GST Council meet begins, tax rate cut on COVID essentials, compensation to states on agenda

The GST Council in its meeting on Friday would take up for discussion proposal for cut in the tax rate on COVID medicines, vaccines and oxygen equipments as well as means to make up for the shortfall in revenues promised to states.

The 43rd GST Council meeting, chaired by Finance Minister Nirmala Sitharaman and comprising state finance ministers, is being held via video conferencing. The council is meeting for the first time in nearly eight months.

Ahead of the first meeting of the top decision-making body, finance ministers of eight states ruled by non-BJP and its like-minded parties – Rajasthan, Punjab, Chhattisgarh, Tamil Nadu, Maharashtra, Jharkhand, Kerala and West Bengal – have devised a joint strategy to press for a zero tax rate on COVID essentials, sources said.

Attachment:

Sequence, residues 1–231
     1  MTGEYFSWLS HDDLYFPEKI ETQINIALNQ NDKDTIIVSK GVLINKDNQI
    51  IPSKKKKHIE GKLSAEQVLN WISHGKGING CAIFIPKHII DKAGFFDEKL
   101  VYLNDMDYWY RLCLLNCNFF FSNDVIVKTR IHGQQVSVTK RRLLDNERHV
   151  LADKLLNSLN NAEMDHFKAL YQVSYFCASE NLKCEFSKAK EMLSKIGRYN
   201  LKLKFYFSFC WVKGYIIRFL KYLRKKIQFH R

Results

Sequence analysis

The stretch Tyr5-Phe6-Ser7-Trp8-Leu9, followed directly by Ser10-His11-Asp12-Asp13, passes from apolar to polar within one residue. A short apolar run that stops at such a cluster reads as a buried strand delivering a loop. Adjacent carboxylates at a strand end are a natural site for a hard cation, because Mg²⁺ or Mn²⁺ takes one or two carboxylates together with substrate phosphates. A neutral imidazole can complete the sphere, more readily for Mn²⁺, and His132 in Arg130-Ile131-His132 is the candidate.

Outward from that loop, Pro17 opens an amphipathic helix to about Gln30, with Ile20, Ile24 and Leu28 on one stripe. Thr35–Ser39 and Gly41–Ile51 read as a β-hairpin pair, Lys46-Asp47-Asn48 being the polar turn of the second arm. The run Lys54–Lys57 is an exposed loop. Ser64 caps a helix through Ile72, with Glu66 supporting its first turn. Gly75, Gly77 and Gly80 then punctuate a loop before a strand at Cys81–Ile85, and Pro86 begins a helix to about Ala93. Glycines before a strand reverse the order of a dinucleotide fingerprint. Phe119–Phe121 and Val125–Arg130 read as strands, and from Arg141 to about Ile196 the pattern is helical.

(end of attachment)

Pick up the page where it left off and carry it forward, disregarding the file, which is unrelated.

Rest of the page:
Besides discussion on tax rates, the council may also deliberate on the estimated ₹ 2.69 lakh crore that states need to be provided as per the promise in 2017 to make good any loss in revenue they suffer because of giving up their right to levy VAT and other taxes.

Sources said the Fitment Committee on GST rates, comprising tax officers of centre and states, has also given its report to the council listing out the pros and cons of waiver and zero-rating of COVID vaccines, drugs and other equipment.

Exempting final product from GST would deny manufacturers from claiming the benefit of the input tax credit on raw materials and hence not much benefit accrues to consumers.

Hence, it needs to be seen whether the council decides to exempt these items from GST or cut rates.

Currently, domestic supplies and commercial imports of vaccines attract a 5 % goods and services tax (GST), while COVID drugs and oxygen concentrators attract a 12 % levy.

With regard to the issue of compensation payable to states, the centre has estimated the shortfall at ₹ 2.69 lakh crore.

The centre expects to collect over ₹ 1.11 lakh crore through cess on luxury, demerit and sin goods which will be given to the states to compensate them for the shortfall in revenue arising out of GST implementation.

The remaining ₹ 1.58 lakh crore would have to be borrowed to meet the promised compensation.

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